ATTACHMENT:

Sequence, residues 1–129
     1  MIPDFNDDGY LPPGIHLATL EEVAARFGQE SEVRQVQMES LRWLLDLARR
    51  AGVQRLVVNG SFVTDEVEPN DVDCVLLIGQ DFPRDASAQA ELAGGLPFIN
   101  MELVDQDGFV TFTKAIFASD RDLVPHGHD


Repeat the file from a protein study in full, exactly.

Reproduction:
Sequence, residues 1–129
     1  MIPDFNDDGY LPPGIHLATL EEVAARFGQE SEVRQVQMES LRWLLDLARR
    51  AGVQRLVVNG SFVTDEVEPN DVDCVLLIGQ DFPRDASAQA ELAGGLPFIN
   101  MELVDQDGFV TFTKAIFASD RDLVPHGHD